On 21 April, the European Economic and Social Committee (EESC) and Confrontations Europe organised the 2016 Digital Day: Innovation in the digital era. Reinventing our economy, an opportunity for civil society to debate the European Union’s (EU) role in ensuring that everyone takes full advantage of new digital technologies, boosting e-skills, the opportunities and challenges for workers in the digital era and new forms of employment.

The risk of a digital society: unequal digital accessibility

ICTs permeate our lives in many aspects: at educational, cultural, social and economic level.
In this so-called digital society, the digital economy represents an opportunity for innovative SMEs and start-ups to create new jobs and, hence, to contribute to the relief of European employment crisis.

But one of the obstacles in this context is the unequal access to ICTs. People from vulnerable groups are most affected, for example people with disabilities, older people, low-income earners, the educationally disadvantaged, and minorities.
As underlined by the European Economic and Social Committee Enhancing digital literacy, e-skills and e-inclusion, unequal ICT access is primarily an extension of financial and social inequalities. Laure Batut, EESC Rapporteur for digital literacy, e-skills and e-inclusion, stressed: "Our leitmotif can be summarised in a very few words: we want access and accessibility for all, security and rights for everyone and then education, education, education”.

Towards an inclusive digital society: enhancing digital literacy

The Europe 2020 strategy wants to use smart, sustainable and inclusive growth to emerge from the crisis. One of the seven flagship initiatives set up by the strategy is the Digital Agenda for Europe that aims to maximise the social and economic potential of ICTs for doing business, working, playing, communicating and expressing ourselves freely. Moreover, it aims to provide Europeans with a better quality of life through, for example, better health care, safer and more efficient transport solutions and easier access to public services and cultural content.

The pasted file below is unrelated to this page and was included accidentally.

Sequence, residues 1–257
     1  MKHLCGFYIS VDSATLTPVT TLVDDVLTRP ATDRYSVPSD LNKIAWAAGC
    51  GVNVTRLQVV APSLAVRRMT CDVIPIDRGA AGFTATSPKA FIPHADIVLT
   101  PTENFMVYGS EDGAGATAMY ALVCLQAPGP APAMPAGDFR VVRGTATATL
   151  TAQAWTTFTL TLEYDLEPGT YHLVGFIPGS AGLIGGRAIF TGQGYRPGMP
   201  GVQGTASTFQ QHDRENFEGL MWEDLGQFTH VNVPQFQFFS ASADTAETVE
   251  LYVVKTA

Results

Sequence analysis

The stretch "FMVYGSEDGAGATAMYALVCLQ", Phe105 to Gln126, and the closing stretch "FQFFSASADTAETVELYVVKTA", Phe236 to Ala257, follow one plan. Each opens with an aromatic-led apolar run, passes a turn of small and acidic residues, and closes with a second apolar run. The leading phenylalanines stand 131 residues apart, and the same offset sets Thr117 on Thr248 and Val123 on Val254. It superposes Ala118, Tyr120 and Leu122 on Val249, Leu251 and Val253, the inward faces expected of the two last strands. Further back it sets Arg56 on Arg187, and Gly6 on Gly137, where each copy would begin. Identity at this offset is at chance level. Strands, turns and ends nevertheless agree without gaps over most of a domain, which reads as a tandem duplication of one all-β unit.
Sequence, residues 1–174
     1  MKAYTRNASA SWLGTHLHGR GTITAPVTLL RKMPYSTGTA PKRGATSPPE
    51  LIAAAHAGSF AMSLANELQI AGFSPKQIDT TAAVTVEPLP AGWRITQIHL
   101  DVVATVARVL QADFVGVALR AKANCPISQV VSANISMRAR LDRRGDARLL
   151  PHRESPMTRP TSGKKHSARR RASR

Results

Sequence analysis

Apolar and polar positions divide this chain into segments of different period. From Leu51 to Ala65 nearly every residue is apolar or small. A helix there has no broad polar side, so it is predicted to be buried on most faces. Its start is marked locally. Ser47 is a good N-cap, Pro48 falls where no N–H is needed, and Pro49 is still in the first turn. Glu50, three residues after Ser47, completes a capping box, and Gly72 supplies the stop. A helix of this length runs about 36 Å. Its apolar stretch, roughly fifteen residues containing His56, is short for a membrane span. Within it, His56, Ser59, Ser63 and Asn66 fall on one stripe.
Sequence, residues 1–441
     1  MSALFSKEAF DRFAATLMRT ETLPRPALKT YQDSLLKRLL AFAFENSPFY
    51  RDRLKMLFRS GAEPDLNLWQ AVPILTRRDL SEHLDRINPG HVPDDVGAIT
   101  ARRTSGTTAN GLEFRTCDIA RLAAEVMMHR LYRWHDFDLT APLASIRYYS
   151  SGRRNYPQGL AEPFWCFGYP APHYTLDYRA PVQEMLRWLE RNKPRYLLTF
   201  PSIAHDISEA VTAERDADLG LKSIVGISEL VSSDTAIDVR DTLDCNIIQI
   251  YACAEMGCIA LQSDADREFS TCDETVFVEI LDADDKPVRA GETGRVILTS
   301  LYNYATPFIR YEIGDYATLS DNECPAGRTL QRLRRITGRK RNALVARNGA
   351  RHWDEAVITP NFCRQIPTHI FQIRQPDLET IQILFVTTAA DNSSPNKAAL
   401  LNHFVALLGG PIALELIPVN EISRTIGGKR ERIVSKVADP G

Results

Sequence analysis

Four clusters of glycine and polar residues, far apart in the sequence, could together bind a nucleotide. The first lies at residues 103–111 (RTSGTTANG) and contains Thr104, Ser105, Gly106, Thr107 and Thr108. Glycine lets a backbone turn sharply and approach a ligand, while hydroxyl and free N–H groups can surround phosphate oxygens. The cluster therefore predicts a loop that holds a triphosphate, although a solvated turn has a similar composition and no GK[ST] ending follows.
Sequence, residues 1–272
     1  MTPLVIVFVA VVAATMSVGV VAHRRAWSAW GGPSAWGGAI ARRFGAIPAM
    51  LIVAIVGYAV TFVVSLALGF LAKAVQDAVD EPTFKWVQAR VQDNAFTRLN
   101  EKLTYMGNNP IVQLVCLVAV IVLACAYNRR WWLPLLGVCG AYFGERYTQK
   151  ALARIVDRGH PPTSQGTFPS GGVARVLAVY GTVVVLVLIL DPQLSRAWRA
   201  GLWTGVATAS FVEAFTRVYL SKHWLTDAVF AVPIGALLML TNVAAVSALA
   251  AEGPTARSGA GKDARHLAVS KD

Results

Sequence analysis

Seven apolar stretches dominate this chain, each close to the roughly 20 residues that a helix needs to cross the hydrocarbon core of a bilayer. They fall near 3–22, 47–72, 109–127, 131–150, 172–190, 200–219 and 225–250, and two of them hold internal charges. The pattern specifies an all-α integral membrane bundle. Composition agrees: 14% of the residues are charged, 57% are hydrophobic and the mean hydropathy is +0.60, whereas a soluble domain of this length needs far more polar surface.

In Enhancing digital literacy, e-skills and e-inclusion, EESC stressed that e-inclusion must follow a global approach to ensure everyone's independence, regardless of their position in society. According to the Riga Declaration , e-inclusion concerns the use of ICT to achieve wider inclusion objectives through the participation of all individuals and local authorities in all aspects of the information society.

EESC believes that the EU and Member States should guarantee digital accessibility through lifelong e-skills training for professional and/or personal reasons, and also for citizenship. The debate with civil society is important to help the European Commission finding a harmonised approach to guarantee equal digital access and participation.

More information are can be found here: